And yet, in a sentiment that calls to mind the Chinese concept of wu-wei, “trying not to try,” she gently admonishes against seeing this practice itself as a source of compulsive striving:
Precision, gentleness, and the ability to let go … are not something that we have to gain, but something that we could bring out, cultivate, rediscover in ourselves.
She points to the simple exercise of following your unforced breath as a way of contacting the art of letting go:
Being fully present isn’t something that happens once and then you have achieved it; it’s being awake to the ebb and flow and movement and creation of life, being alive to the process of life itself. That also has its softness. If there were a goal that you were supposed to achieve, such as “no thoughts,” that wouldn’t be very soft. You’d have to struggle a lot to get rid of all those thoughts, and you probably couldn’t do it anyway. The fact that there is no goal also adds to the softness.
This practice, Chödrön points out, cultivates a nonjudgmental attitude and helps us learn how to, instead of succumbing to harsh self-criticism, begin “seeing what is with precision and gentleness” and develop “a sense of warmth toward oneself.” She writes:
The honesty of precision and the goodheartedness of gentleness are qualities of making friends with yourself… As you work with being really faithful to the technique and being as precise as you can and simultaneously as kind as you can, the ability to let go seems to happen to you. The discovery of your ability to let go spontaneously arises; you don’t force it. You shouldn’t be forcing accuracy or gentleness either, but while you could make a project out of accuracy, you could make a project out of gentleness, it’s hard to make a project out of letting go.
In the next talk, titled “The Wisdom of No Escape,” Chödrön explores well-being and suffering as two sides of the same coin which, when put together, define the human condition. She points to the practice of meditation — arguably our greatest gateway to self-transcendence — as the way to illuminate both sides of this duality:
We see how beautiful and wonderful and amazing things are, and we see how caught up we are. It isn’t that one is the bad part and one is the good part, but that it’s a kind of interesting, smelly, rich, fertile mess of stuff. When it’s all mixed up together, it’s us: humanness.
This is what we are here to see for ourselves. Both the brilliance and the suffering are here all the time; they interpenetrate each other. For a fully enlightened being, the difference between what is neurosis and what is wisdom is very hard to perceive, because somehow the energy underlying both of them is the same. The basic creative energy of life … bubbles up and courses through all of existence. It can be experienced as open, free, unburdened, full of possibility, energizing. Or this very same energy can be experienced as petty, narrow, stuck, caught… The basic point of it all is just to learn to be extremely honest and also wholehearted about what exists in your mind — thoughts, emotions, bodily sensations, the whole thing that adds up to what we call “me” or “I.” Nobody else can really begin to sort out for you what to accept and what to reject in terms of what wakes you up and what makes you fall asleep. No one else can really sort out for you what to accept — what opens up your world — and what to reject — what seems to keep you going round and round in some kind of repetitive misery.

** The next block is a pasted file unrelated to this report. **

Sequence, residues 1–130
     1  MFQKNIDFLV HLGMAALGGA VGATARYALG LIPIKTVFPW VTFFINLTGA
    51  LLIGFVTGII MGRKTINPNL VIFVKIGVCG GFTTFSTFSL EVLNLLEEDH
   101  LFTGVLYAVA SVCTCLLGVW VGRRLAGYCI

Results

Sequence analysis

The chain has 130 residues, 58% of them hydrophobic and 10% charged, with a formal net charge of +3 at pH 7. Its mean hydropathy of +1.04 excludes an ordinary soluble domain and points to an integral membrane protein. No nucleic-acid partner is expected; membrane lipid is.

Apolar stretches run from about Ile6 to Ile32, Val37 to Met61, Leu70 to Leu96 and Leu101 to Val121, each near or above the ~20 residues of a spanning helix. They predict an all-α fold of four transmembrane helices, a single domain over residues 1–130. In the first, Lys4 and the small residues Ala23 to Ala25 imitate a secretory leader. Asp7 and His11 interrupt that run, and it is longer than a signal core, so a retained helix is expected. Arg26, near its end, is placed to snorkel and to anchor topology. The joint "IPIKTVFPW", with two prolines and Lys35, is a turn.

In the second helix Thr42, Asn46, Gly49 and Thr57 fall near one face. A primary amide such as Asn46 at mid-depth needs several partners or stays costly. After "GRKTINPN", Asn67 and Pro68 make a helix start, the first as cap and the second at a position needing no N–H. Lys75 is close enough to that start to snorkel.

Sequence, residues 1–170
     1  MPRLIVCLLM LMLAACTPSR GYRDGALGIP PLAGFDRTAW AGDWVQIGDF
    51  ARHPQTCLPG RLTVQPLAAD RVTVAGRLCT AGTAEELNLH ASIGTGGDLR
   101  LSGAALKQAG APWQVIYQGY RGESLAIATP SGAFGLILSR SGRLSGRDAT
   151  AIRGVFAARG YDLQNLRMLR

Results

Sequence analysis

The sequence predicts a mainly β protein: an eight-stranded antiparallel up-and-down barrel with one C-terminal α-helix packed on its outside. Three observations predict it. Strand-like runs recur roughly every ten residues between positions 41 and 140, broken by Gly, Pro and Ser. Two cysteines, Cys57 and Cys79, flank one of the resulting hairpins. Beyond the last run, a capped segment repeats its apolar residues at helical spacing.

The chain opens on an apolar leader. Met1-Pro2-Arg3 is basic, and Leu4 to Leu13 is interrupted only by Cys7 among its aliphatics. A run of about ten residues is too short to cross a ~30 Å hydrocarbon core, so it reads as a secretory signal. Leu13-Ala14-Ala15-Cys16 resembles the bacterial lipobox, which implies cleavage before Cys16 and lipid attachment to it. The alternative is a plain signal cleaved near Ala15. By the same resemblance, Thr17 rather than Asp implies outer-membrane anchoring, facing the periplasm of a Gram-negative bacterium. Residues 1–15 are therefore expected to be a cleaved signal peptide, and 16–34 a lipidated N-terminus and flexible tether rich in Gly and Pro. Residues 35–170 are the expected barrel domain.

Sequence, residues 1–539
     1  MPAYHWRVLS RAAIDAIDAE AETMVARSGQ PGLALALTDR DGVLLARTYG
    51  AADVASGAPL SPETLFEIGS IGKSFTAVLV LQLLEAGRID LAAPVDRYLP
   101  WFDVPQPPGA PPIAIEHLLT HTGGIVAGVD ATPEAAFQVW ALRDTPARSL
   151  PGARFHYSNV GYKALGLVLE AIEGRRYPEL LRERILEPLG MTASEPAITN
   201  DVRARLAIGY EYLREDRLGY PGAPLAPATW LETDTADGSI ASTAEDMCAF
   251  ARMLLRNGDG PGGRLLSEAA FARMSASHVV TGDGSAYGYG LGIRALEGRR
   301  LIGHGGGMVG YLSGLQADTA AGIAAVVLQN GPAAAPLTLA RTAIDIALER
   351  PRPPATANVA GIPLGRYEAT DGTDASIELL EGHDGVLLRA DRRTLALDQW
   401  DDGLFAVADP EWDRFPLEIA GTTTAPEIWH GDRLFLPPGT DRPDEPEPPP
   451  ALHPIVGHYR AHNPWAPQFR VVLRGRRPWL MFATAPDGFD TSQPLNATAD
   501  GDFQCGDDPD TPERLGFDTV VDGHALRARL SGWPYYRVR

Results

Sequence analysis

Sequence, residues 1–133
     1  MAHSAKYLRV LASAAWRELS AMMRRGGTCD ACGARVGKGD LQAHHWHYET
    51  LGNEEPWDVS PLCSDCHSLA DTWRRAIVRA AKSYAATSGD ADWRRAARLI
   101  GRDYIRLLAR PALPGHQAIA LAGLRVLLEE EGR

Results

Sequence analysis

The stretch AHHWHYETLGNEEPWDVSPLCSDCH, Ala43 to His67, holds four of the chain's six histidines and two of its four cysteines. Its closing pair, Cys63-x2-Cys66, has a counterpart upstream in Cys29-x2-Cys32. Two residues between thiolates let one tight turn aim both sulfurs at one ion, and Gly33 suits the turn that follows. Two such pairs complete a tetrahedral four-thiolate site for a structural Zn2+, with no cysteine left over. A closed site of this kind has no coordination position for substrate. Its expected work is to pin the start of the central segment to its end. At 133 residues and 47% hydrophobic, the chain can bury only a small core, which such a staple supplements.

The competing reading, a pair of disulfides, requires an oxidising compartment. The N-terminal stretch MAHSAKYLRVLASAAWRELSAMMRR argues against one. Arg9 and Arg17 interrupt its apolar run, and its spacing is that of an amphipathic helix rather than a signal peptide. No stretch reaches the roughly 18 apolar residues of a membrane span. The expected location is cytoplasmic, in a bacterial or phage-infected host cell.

This is the process of making friends with ourselves and with our world. It involves not just the parts we like, but the whole picture, because it all has a lot to teach us.
In the remainder of The Wisdom of No Escape and the Path of Loving-Kindness — which shares with Alan Watts’s indispensable The Wisdom of Insecurity not only a similarity of title but also a kinship of spirit — Chödrön goes on to explore such related secular wisdom from the Buddhist tradition as joy, satisfaction, inconvenience, and the art of living with balance in a culture of extremes. Complement it with Sam Harris on the paradox of meditation.